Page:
Morris v. State Bar of California et al

Filing 173

ORDER on Plaintiff's Motion to Amend the Judgment 171 , Signed by District Judge Lawrence J. O'Neill on 11/1/2010. (Arellano, S.)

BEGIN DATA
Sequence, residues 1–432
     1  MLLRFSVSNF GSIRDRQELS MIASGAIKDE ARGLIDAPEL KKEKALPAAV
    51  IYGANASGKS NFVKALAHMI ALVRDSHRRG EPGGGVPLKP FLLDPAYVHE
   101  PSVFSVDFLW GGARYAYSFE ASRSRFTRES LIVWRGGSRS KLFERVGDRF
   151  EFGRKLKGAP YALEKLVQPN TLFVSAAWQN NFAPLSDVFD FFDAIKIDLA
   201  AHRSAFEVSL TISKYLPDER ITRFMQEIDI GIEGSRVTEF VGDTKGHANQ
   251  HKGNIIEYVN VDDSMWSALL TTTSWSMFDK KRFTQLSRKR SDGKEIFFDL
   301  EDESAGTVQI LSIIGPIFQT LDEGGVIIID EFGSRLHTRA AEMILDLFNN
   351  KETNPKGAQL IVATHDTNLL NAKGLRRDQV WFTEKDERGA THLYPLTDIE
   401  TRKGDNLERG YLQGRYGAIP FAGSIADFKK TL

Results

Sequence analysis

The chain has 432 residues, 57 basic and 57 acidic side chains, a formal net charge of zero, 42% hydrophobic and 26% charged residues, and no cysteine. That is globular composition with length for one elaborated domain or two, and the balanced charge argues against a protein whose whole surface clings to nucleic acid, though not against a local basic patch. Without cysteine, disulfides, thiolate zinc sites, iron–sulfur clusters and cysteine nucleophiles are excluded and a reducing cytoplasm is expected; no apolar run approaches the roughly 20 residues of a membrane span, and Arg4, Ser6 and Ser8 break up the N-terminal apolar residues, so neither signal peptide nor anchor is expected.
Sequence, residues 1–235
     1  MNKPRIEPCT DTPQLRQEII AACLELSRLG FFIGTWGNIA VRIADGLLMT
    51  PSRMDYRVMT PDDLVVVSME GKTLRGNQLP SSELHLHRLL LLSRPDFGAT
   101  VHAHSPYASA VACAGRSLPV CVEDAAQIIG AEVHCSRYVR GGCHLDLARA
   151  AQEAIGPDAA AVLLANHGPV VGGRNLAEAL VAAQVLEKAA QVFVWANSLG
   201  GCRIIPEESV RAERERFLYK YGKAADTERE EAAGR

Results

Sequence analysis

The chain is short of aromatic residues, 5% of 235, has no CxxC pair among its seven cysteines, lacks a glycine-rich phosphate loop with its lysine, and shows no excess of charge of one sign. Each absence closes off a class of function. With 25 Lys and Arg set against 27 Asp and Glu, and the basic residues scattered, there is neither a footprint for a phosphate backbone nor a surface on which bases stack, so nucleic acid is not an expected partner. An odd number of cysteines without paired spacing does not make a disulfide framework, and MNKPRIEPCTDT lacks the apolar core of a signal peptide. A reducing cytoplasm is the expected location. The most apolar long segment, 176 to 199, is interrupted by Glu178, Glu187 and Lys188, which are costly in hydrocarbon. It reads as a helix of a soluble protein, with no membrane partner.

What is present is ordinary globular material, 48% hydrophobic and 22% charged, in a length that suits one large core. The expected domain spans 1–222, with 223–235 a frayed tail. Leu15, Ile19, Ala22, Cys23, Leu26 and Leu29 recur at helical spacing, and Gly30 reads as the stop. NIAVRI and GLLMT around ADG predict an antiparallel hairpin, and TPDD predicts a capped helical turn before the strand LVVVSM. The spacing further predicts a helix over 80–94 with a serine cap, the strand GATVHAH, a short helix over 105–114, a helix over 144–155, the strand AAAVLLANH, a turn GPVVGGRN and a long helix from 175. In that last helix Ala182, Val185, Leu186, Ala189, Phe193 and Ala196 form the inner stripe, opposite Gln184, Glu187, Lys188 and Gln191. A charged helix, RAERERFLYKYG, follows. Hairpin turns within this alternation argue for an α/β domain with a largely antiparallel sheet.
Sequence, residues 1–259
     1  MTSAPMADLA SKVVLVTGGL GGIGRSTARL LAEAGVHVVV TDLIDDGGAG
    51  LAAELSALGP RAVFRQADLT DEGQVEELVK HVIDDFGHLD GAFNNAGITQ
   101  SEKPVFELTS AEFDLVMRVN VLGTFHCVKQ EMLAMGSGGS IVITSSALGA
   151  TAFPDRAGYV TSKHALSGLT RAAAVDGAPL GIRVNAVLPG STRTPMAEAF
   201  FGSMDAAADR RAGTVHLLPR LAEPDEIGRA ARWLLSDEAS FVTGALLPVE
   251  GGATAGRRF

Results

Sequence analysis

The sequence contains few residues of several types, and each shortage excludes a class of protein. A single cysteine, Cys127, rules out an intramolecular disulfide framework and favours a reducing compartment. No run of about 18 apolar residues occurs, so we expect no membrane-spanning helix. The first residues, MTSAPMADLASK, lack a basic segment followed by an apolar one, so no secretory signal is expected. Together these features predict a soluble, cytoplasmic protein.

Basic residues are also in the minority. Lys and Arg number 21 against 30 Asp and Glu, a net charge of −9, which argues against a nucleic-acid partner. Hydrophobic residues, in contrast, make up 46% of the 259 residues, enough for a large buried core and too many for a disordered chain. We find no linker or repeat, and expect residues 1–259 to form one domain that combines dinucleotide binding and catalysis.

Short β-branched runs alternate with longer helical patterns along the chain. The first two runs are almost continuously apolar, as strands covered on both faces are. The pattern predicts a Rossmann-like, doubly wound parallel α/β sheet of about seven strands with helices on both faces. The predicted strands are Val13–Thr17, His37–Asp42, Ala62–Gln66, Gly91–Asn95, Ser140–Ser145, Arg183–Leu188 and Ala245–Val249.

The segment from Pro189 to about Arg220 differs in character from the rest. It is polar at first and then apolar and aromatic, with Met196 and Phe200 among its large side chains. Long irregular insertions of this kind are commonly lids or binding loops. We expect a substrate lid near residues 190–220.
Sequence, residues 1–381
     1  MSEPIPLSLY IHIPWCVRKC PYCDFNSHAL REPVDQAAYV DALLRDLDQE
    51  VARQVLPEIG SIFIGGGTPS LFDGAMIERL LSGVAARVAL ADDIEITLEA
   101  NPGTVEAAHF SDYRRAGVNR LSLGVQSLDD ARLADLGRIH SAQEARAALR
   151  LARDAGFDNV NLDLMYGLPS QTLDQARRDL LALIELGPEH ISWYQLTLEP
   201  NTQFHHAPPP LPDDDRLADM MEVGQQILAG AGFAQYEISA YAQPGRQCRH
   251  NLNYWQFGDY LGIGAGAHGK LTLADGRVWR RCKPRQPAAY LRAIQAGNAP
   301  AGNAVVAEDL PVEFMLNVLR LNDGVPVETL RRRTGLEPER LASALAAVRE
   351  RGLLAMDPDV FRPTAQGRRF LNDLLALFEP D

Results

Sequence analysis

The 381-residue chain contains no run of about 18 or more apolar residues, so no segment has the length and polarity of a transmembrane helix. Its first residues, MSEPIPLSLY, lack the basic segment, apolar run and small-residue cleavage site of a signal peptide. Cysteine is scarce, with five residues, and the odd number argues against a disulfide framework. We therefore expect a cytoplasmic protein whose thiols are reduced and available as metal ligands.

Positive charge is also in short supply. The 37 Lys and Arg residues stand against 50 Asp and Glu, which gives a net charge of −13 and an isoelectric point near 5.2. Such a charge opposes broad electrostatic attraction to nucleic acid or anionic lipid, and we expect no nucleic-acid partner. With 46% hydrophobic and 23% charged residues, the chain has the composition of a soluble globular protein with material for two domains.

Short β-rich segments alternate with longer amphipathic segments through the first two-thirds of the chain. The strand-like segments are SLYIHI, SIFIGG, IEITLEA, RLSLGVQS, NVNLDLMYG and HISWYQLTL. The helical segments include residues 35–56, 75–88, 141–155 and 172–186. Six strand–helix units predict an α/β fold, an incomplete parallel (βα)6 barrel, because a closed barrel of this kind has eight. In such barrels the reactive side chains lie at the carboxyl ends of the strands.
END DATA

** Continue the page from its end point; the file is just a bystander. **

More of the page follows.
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Morris v. State Bar of California et al Doc. 173 1 2 3 4 5 6 7 8 9 10 11 12 13 14 STATE BAR OF CALIFORNIA, et al., 15 Defendants. 16 17 18 19 20 21 22 23 24 25 26 27 28 1 / On October 25, 2010, Plaintiff filed a request to amend the judgment against the City of Fresno and Don MacAlpine, pursuant to Fed.R.Civ.P. 59(e). (Doc. 171.) Previously, on October 8, 2010, this Court had granted a motion for summary judgment in favor of defendants City of Fresno and Don MacAlpine and against plaintiff Gregory Morris. Thereafter, the Court entered judgment in accordance with its order. In this current motion, plaintiff contends that the Court erred in affirming the summary judgment motion. The Court erred because the Court granted the summary judgment based on the belief no opposition had been filed when plaintiff, in fact, had filed an opposition to the motion, as the Court ordered. (Doc. 171, Motion p. 4-5.) Plaintiff argues that the Court did not consider his opposition which he filed as Document 164. Defendants City of Fresno and Don MacAlpine filed an opposition on October 27, 2010. Pursuant to Local Rule 230(g), this matter is submitted on the pleadings without oral argument and the hearing set for November 10, 2010 is VACATED. Having considered the moving and vs. GREGORY MORRIS, Plaintiffs, CASE NO. CV F 09-0026 LJO GSA ORDER ON PLAINTIFF'S MOTION TO AMEND THE JUDGMENT IN THE UNITED STATES DISTRICT COURT FOR THE EASTERN DISTRICT OF CALIFORNIA 1 2 3 4 5 6 7 8 9 10 11 12 13 14 15 16 17 18 19 20 21 22 23 24 25 26 27 28 opposition papers, as well as the Court's file, the Court issues the following order.1 Rule 59(e) A motion to alter or amend a judgment "may not be used to relitigate old matters, or to raise arguments or present evidence that could have been raised prior to the entry of judgment." Exxon Shipping Co. v. Baker, - U.S. - , 128 S.Ct. 2605, 2617, fn. 5 (2008). If the motion is filed within 10 days after the district court's entry of judgment, it is treated as a motion to alter or amend the judgment under Rule 59(e). American Ironworks & Erectors Inc. v. North American Const. Corp., 248 F.3d 892, 898899 (9th Cir. 2001). The motion will lie where: (1) there is newly discovered evidence; (2) the district court committed clear error or its initial decision was manifestly unjust; or (3) there is an intervening change in the controlling law. Duarte v. Bardales, 526 F.3d 563, 567 (9th Cir. 2008). The court's commission of some manifest error of law or fact justifies the grant of a Rule 59(e) motion. Turner v. Burlington Northern Santa Fe R.R. Co., 338 F.3d 1058, 1063 (9th Cir. 2003). Here, plaintiff moves to amend the judgment based upon the Court's error in granting judgment on behalf of the City and MacAlpine and against plaintiff and for not permitting renewal of objections regarding warrantless searches. No Error in Denial of Relief from Summary Judgment In a series of motions following this Court's grant of summary judgment in favor of the City and MacAlpine, plaintiff asked for relief: (1) relief from the Requests for Admissions which were deemed admitted, (2) relief from the grant of summary judgment, (3) objections to the Magistrate Judge's list of pending/surviving causes of action, and (4) leave to amend the complaint. The Court granted plaintiff's requested relief from the deemed admitted Requests for Admissions. (Doc. 161, Order on Plaintiff's Motions.) The Court denied the requested relief from the grant of the summary judgment without prejudice. In considering plaintiff's request to be relieved from the Summary Judgment Order, the Court stated: "Here, plaintiff requests relief from the summary judgment order, but the motion is more directed at his motion to amend the complaint. In their opposition, defendants argue that the motion is improperly before this Court for failure to comply with s e v e r a l Federal Rules of Civil Procedure and Local Rules. The Court acknowledges that defendant's procedural argument h a v e merit. Nonetheless, the Court elects to dispose of plaintiff's motion on the substance of the motion. 1 2 1 2 3 4 Plaintiff has failed to file a proposed opposition to the summary judgment motion when he filed his motion for relief. The Court cannot determine whether there is any need to provide relief without a proposed opposition. Accordingly, the motion for relief from the summary judgment order will be denied without prejudice." (Doc. 161, Order Sept. 13, 2010.) The Court granted plaintiff the opportunity to submit an opposition to the summary judgment, such that 5 the Court could consider whether plaintiff should be relieved of the Summary Judgment Order: 6 7 8 9 10 11 12 13 14 15 16 17 18 19 20 21 22 23 24 25 26 27 28 The motion for relief from the judgment is DENIED, without prejudice. Plaintiff may refile his motion to set aside the summary judgment with his proposed opposition to the summary judgment motion, no later than 14 days from the date of service of this order. Failure to file timely the motion with the proposed opposition will result in denial of the motion for relief with prejudice." (Doc. 161, Order p. 5.) In response to this Court's request, plaintiff filed a "Motion for Extension." The motion for extension was accompanied by exhibits contained in Doc. 164. During the course of analyzing the "Motion for Extension," the Court reviewed all documents filed in support of that motion, including a document entitled "Opposition to Motion for Motion for Summary Judgment," which plaintiff now argues was not considered by the Court. (Doc. 164, Opposition; Doc. 171 , Motion ("Unfortunately, the Court did not realize that plaintiff had indeed filed a proposed Opposition to the motion for Summary Judgment." (Spelling errors omitted).)) Following the Court's review of this particular document, as well as the remainder of the documents filed in the "Motion for Extension," the Court found that "[t]his `Motion for Extension' does not respond, and does not address, the relief plaintiff originally sought and for which the Court granted leave to file an opposition." (Doc. 167, Order Denying Relief from Summary Judgment.) For instance, the "opposition" argued that there was a conspiracy to conduct warrantless searches and that persons not parties were responsible for plaintiff's injuries. (Doc. 164, Opposition ("Crawford and others were alleged to have snuck the city fire investigative team into plaintiff's home when it was too late for them to enter, weeks after the fire had been extinguished.")) The opposition argued that MacAlpine was not entitled to qualified immunity for illegal, warrantless searches. The opposition continued the argument that illegal searches were the bases of the claims against the City and MacAlpine, when these were not the grounds for the City's motion for summary judgment. The entire basis of plaintiff's opposition was the warrantless searches which the Magistrate Judge had ruled were not part of this case (for failure to 3 1 2 3 4 5 6 7 8 9 10 11 12 13 14 15 16 17 18 19 20 21 22 23 24 25 26 27 28 provide notice to the defendants), and which were not part of the summary judgment motion. Plaintiff's opposition neither addressed the causes of action which were the subject of the City's and MacAlpine's summary judgment nor countered the arguments made by the City and MacAlpine in the summary judgment. This Court, thus, found that "the documents that have been filed do not address the Summary Judgment Order." Accordingly, as the Court considered the "opposition" filed by plaintiff, the Court finds no error in granting the summary judgment. No Error in Denial of Motion to Amend In plaintiff's Motion to Amend the Judgment, plaintiff argues that the initial complaint contained allegations of warrantless searches such that he should have been able to proceed on those allegations. He argues he filed objections to the Magistrate's Judge's finding that the complaint failed to contain such allegations and he was not given the opportunity to renew his objections. (Doc. 171, Motion p. 4 ("The District Judge Hon. Judge O'Neill in evaluating the situation, decided that the Order would be denied, for now, but that plaintiff could renew his objections if the magistrate denied the motion to amend the complaint" (spelling errors corrected).)) Here, this Court, rather than the Magistrate Judge, independently considered plaintiff's motion to amend the complaint to add allegations of warrantless searches and additional parties. In considering whether to grant leave to amend, the Court also considered plaintiff's position that the original complaint contained allegations of warrantless searches. This Court found that the original complaint failed to allege warrantless searches as a potential claim: "While plaintiff argued to the Magistrate Judge that the original complaint contained such allegations, the Court finds that the complaint did not set out claims for warrantless searches. The allegations in the complaint were convoluted, verbose, and conclusory as they related to events surrounding the arson, plaintiff's arrest, and prosecution. The complaint labeled claims (such as false arrest and malicious prosecution) and did not set forth warrantless searches as any basis for any claim. If plaintiff intended to assert warrantless search, the Court finds the complaint failed to give adequate notice to defendants, pursuant to Federal pleading standards, that plaintiff sought liability for warrantless searches, such that defendants are excused for not being aware of a potential warrantless search claim." (Doc. 166, Order on Motion to Amend, p. 7 and n.4.) Thus, this Court, and not the Magistrate Judge, ruled on the merits of the arguments regarding whether warrantless searches were plead. Based upon this Court's independent consideration of plaintiff's 4 1 2 3 4 5 6 7 8 9 10 11 12 13 14 15 16 17 18 19 20 21 22 23 24 25 26 27 28 argument, the Court found that the complaint failed to comply with Federal pleading standards and did not set forth claims for warrantless searches. For all the reasons stated in the denial of leave to amend, this Court finds there is not manifest error. CONCLUSION For the foregoing reasons, plaintiff's Motion to Amend the Judgment is DENIED. IT IS SO ORDERED. Dated: b9ed48 November 1, 2010 /s/ Lawrence J. O'Neill UNITED STATES DISTRICT JUDGE 5